Of all the things I didn’t need in my life, this Huffington Post headline probably tops the list: “Becoming A Racist: The Unfortunate Side Effect Of Serving Your Country?” So begins this Aug. 17 opinion column by David Fagin — “writer, musician, Trump Resister, food snob” — which has, predictably, brought him a heaping helping of internet backlash. Despite his lack of qualifications, a snide clickbait headline that he admits was “provocative” and written to be “eye-catching,” and the general air of a guy writing about a topic that he has virtually no engagement on, Fagin dredges up a couple of common fallacies in trying to connect race-hate and wearing the uniform of the U.S. military. They’re worth parsing.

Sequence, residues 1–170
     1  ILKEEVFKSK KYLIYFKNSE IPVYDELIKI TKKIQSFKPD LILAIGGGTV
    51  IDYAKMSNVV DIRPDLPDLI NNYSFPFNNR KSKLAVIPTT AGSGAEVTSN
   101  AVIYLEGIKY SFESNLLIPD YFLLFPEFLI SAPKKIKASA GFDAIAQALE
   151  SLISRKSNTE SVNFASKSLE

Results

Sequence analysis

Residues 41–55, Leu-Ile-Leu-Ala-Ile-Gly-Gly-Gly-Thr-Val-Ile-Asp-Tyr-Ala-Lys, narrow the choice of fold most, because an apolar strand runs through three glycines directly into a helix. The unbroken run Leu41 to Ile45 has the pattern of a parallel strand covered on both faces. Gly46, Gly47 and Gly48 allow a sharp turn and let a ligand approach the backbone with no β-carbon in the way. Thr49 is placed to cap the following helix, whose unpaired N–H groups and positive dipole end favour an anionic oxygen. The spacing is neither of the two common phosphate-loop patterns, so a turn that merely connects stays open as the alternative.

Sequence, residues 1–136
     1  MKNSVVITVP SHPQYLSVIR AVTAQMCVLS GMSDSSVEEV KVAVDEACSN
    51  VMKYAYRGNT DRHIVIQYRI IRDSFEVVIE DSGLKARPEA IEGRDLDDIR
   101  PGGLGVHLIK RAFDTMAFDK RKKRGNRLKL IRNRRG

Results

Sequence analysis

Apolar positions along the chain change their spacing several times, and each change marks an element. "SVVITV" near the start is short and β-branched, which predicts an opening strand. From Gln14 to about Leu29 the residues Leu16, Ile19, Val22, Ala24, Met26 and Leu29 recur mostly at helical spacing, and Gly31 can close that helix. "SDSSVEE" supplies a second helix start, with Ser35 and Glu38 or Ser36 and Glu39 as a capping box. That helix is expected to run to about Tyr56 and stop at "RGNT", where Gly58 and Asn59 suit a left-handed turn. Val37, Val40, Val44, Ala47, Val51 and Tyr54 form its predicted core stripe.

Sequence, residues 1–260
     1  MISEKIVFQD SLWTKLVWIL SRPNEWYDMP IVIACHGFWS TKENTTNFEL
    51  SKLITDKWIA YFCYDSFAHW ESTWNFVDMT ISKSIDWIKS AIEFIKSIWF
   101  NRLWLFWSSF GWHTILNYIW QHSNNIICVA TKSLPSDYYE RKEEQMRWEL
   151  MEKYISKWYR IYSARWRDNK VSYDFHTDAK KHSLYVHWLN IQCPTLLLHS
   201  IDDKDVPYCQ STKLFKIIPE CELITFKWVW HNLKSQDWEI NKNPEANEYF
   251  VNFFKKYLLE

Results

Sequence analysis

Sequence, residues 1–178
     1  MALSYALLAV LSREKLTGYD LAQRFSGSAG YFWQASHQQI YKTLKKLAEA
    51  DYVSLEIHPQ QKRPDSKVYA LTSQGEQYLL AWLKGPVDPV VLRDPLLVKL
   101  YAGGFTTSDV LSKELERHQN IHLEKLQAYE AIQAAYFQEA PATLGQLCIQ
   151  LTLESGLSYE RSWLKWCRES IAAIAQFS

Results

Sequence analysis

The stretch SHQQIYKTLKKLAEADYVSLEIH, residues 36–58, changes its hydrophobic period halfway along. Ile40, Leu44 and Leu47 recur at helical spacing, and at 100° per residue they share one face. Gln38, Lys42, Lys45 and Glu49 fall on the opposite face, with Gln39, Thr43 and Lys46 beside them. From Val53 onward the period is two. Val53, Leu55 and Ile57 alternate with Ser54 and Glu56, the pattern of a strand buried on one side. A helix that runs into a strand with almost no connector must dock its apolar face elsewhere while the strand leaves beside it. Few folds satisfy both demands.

Benjamin Franklin nailed it when he said, "Fatigue is the best pillow." True story, Benny. There's nothing like pushing your body so far past exhaustion that you'd willingly, even longingly, take a nap on a concrete slab.
In late May, 16 female cadets in their fourth year at the U.S. Military Academy at West Point gathered in their grey dress uniforms, complete with crossed sabres, for an “old corps” photo — a tradition among those graduating. In a show of pride and solidarity, these women raised their fists and a photo was snapped. The problem? These 16 women are black, and as the photo went viral, a narrative developed that these women had intended to align themselves with the “Black Lives Matter” movement.